Is there any feeling more corrosive than shame? Rage, jealousy, and fear… they come and go, but – in my experience – once they’re gone it’s hard to recall what I was so angry or jealous or afraid of.
Shame, though? Remembering something I’m ashamed of can curdle my insides years after the event occurred.
Why am I writing about shame today?
Because while most of us know that overtly shaming others is no good, I have been thinking a lot about the subtle ways we shame one another… and with the end of the Covid pandemic on the horizon it occurs to me that these subtle ways of shaming each other need to be discussed.
What kinds of subtle shaming am I talking about?
Safety Shaming: As we once again gather in groups, there are going to be all kinds of levels of comfort with wearing masks and wiping down surfaces. In these moments, it’s easy to downplay others’ concerns about disinfecting the picnic table or wearing masks on public transportation. Don’t do it. Take the extra step to make friends and family comfortable.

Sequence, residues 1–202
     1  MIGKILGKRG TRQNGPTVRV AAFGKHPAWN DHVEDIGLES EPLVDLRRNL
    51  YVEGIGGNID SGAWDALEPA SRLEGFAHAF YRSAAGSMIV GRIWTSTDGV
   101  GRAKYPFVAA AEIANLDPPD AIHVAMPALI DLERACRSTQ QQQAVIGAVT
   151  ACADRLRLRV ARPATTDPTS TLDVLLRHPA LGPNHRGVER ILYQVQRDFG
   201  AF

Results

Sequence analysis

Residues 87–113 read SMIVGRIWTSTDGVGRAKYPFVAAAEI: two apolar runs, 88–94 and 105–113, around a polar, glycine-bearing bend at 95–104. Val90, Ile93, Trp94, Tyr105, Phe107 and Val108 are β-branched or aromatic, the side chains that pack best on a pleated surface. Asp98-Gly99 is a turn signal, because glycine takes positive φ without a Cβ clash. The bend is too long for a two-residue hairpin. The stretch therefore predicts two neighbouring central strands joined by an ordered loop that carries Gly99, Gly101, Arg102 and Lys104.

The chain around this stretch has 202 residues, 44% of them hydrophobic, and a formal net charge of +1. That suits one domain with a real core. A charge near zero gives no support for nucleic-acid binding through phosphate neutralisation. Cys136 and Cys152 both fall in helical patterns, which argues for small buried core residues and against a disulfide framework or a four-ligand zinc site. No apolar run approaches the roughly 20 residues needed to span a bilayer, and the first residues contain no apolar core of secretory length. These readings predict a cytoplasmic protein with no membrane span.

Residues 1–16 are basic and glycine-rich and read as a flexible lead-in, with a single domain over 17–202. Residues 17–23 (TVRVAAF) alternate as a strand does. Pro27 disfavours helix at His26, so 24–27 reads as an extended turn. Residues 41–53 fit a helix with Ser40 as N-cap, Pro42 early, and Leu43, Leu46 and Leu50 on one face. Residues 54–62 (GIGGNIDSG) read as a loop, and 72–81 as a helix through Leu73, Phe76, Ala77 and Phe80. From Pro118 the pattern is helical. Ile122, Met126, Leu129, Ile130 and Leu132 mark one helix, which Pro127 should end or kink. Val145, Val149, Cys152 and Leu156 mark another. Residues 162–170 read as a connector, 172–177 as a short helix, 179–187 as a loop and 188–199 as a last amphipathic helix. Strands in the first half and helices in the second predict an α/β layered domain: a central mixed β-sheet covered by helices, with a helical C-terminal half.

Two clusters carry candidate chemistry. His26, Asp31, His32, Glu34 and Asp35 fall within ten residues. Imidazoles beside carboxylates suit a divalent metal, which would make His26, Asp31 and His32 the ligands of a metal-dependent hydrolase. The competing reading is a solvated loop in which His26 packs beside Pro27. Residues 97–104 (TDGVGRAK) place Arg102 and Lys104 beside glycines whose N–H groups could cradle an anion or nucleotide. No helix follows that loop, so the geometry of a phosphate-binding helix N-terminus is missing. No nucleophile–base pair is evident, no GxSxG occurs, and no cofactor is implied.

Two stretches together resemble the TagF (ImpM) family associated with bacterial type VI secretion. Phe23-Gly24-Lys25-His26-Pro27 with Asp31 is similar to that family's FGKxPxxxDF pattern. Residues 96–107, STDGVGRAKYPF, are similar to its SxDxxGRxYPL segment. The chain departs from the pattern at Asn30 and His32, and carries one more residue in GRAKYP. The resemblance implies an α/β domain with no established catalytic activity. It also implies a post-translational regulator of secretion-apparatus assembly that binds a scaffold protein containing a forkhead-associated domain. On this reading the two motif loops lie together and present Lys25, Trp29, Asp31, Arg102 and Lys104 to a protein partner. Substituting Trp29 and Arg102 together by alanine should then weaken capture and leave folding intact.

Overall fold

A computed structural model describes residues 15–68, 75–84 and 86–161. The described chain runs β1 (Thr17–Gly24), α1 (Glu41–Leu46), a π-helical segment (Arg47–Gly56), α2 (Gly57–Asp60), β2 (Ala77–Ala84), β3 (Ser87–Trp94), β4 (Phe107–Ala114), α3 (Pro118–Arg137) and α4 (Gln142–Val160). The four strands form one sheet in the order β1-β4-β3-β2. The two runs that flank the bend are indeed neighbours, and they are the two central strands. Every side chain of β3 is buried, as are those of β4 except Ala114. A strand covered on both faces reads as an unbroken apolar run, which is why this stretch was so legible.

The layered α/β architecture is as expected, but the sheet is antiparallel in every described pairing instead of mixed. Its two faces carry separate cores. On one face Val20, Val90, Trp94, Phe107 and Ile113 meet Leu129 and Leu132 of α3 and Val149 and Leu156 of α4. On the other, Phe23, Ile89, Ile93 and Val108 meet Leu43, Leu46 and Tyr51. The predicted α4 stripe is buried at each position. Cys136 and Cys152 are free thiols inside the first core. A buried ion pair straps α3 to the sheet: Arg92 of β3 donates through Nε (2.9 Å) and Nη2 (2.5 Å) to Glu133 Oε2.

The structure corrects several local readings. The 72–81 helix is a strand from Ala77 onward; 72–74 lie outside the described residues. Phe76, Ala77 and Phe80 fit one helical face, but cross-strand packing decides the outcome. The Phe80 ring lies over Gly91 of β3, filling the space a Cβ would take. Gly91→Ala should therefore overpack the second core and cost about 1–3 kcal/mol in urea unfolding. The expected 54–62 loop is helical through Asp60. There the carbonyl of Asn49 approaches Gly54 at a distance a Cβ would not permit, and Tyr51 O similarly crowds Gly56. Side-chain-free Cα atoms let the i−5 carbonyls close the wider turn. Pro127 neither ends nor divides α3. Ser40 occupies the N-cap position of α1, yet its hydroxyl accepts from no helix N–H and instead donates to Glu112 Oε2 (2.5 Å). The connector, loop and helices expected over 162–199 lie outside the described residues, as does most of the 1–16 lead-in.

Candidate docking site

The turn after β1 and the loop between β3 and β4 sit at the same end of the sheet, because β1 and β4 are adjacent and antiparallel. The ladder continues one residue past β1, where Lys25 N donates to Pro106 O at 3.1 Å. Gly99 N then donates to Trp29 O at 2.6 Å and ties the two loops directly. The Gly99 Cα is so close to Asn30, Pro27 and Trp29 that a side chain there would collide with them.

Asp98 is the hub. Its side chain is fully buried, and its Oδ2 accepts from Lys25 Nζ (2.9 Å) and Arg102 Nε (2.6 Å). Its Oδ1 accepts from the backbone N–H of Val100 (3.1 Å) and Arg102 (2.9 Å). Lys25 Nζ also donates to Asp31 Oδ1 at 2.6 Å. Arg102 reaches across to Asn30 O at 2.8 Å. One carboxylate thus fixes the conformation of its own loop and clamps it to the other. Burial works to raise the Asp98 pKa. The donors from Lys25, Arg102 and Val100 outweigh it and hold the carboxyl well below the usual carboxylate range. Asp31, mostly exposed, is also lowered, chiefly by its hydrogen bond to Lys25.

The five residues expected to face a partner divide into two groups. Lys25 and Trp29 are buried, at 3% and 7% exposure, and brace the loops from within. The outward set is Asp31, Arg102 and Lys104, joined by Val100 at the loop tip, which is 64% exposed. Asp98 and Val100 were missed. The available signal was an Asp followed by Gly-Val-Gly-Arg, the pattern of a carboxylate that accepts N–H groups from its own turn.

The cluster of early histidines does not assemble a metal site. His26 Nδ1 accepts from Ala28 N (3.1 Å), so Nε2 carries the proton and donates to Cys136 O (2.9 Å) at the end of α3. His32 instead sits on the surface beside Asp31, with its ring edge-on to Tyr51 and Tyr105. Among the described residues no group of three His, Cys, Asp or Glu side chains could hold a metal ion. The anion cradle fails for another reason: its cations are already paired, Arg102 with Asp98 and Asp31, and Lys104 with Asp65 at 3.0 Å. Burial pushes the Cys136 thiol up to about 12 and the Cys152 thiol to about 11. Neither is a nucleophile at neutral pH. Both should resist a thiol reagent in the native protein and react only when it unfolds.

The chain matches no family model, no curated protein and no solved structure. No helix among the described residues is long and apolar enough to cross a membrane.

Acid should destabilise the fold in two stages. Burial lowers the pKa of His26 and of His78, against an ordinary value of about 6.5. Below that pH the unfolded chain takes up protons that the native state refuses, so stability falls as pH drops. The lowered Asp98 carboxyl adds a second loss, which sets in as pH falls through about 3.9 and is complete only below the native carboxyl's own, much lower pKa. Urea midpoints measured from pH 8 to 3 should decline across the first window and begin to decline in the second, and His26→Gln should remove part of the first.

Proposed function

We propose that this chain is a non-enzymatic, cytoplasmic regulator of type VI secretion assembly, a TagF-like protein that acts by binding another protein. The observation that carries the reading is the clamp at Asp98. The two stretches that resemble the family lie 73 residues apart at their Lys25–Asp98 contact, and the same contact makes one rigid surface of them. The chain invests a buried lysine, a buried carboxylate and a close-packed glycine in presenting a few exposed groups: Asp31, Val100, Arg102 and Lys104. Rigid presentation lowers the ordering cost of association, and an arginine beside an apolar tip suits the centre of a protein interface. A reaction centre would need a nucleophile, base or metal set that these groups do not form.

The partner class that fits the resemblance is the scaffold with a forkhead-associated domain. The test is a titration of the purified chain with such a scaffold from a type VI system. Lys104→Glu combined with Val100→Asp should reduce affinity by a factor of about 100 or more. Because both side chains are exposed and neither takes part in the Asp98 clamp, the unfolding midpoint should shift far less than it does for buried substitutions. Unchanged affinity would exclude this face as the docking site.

Anxiety Shaming: As above, everyone is going to have different levels of comfort with when, and how, they are willing to re-engage in public gatherings. If someone says to you, “Oh, I don’t think I’m ready for in-restaurant dining/a night at the movies/to hop on a plane,” don’t force it. We’ve all gotten very good at finding alternative activities this past year. Pick another.
Solo Shaming: For some people the past year has offered an unprecedented opportunity to indulge interests and passions they might never have had time to pursue. Now that gathering is once again possible, please don’t shame them for wanting to continue their solo hours of puzzling, metal detecting or watercolor painting. If they’re happy on their own, be happy for them.
Any other choice would be a shame.
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